Space agencies have selected two solar missions and a “comet interceptor” for development and launch.
NASA has selected two missions — PUNCH and Tracers — to study the Sun and its connection to Earth, while the European Space Agency (ESA) has selected a cometary explorer.
Roll with the Solar PUNCHes
The Polarimeter to Unify the Corona and Heliosphere (PUNCH) will investigate the Sun’s outer atmosphere (that is, the corona) and the stream of solar wind it generates. The spacecraft will also track coronal mass ejections, the solar wind tsunamis that can crash around Earth, affecting satellite communications such as GPS, damaging power grids, and creating Northern Lights in the process.
The solar wind is a plasma, whose protons and electrons fly separately along the Sun’s magnetic field lines. Earth’s magnetic field generally protects us from this stream of particles, but when the Sun’s magnetic field touches Earth’s, the two fields can connect, creating openings. When those openings are long-lived, they are called cusps.
“Photographing the sky in polarized light is the secret sauce of the mission,” says PUNCH’s principal investigator Craig DeForest (Southwest Research Institute). Sunlight becomes polarized when it bounces off the plasma’s electrons, he explains. So polarization gives 3D information, showing how features in the solar wind move through space.
PUNCH consists of four suitcase-size satellites known as microsats that will fly in formation in Earth orbit. One of them carries a narrow-field imager, while the others carry wide-field imagers. Baffles allow the wide-field imagers to gaze near the Sun and still capture space weather events that are a thousand times fainter than the Milky Way. Together, these imagers will produce polarized-light images of the entire inner solar system. Space physicists will use this information to study how the solar wind turns into turbulent gusts by the time it reaches Earth. Read more about PUNCH here.
PUNCH will aid the Parker Solar Probe, which launched in 2018 to become the closest-ever spacecraft to the Sun. Parker completed its second close approach to the Sun on April 4, 2019. The next perihelion will come on September 1st. As it swoops by the Sun, the probe directly investigates the region where the solar wind is generated, providing in situ measurements that will complement PUNCH’s measurements from afar. If PUNCH launches in 2022, the two missions will overlap for about four years.
Tracing the Sun-Earth Connection
Sharing PUNCH’s ride to space, the Tandem Reconnection and Cusp Electrodynamics Reconnaissance Satellites (Tracers) will study the Sun-Earth connection a bit closer to home. While PUNCH explores the region where the solar wind originates, Tracers instead investigates the cusps where the Sun’s magnetic field interacts with Earth’s field.
Physicist Craig Kletzing (University of Iowa), who leads the Tracers mission, explains that it will complement the existing Magnetospheric Multiscale (MMS) mission, launched in 2015. MMS consists of four small spacecraft that loop around Earth, observing any magnetic openings as they occur.
“One of the long-term goals of our space research to evolve toward predictive ‘space weather’ models to improve our ability to utilize space as a resource,” Kletzing says. “The science that Tracers studies will be essential to achieve this goal.”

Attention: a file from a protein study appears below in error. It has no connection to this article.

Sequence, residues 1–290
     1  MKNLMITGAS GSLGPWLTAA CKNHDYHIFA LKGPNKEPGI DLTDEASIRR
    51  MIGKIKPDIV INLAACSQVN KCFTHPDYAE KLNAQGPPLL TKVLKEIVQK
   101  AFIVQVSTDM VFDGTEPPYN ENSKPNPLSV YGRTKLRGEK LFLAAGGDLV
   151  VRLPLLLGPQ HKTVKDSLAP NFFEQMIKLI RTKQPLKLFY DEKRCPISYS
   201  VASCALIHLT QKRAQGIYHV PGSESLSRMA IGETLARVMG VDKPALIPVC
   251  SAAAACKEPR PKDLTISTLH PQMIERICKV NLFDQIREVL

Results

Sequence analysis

NASA selected PUNCH and TRACERS for development and flight through its Heliophysics Small Explorers Program. The missions will cost no more than $165 million and $115 million, respectively. (PUNCH’s budget includes launch costs; TRACERS’ budget does not include rideshare costs, which are significantly smaller.) The missions could launch as early as 2022.
NASA's SIMPLEX Finalists
Also potentially launching in 2022 are small satellites (no heavier than 180 kg) selected as finalists in another program, known as Small Innovative Missions for Planetary Exploration (SIMPLEX). NASA has chosen three finalists: a reconnaissance mission to binary asteroids called Janus; Escape and Plasma Acceleration and Dynamics Explorers (Escapade), a mission to understand escape process from Mars’s atmosphere; and Lunar Trailblazer, which would directly detect and map water on the Moon’s surface.
These finalists were chosen from 12 proposals submitted in 2018 and will receive funding to develop their ideas further over the course of the next year. Read more about the finalists on NASA’s website.
The Comet Interceptor
Meanwhile, across the pond, the ESA has selected a “fast-class” mission to accompany its exoplanet-hunting satellite, the Atmospheric Remote-sensing Infrared Exoplanet Large-survey (ARIEL), to be launched in 2028. The three spacecraft that make up the so-called “Comet Interceptor” will ride with ARIEL to the L2 Lagrange point 1.5 million km (1 million miles) beyond Earth on the opposite side of the Sun.
The Comet Interceptor will wait there while it looks for a target: either a new comet, coming to the inner solar system for the first time, or even an interstellar comet like ‘Oumuamua. Once it finds a target, all three spacecraft will fly toward it together, before separating to view the target from different vantage points.
ESA’s Rosetta made history with its explorations of Comet 67P/Churyumov-Gerasimenko, but that comet has been orbiting the inner solar system every 6.5 years for many a millennium, and solar heating has disturbed and altered its surface. A new comet, on the other hand, could provide a pristine sample of the outermost reaches of the solar system. New comets are typically discovered months to years before they approach the Sun, so building the Comet Interceptor and keeping it at the ready finally gives scientists a chance to study these interlopers.
Read more about Comet Interceptor on ESA’s website.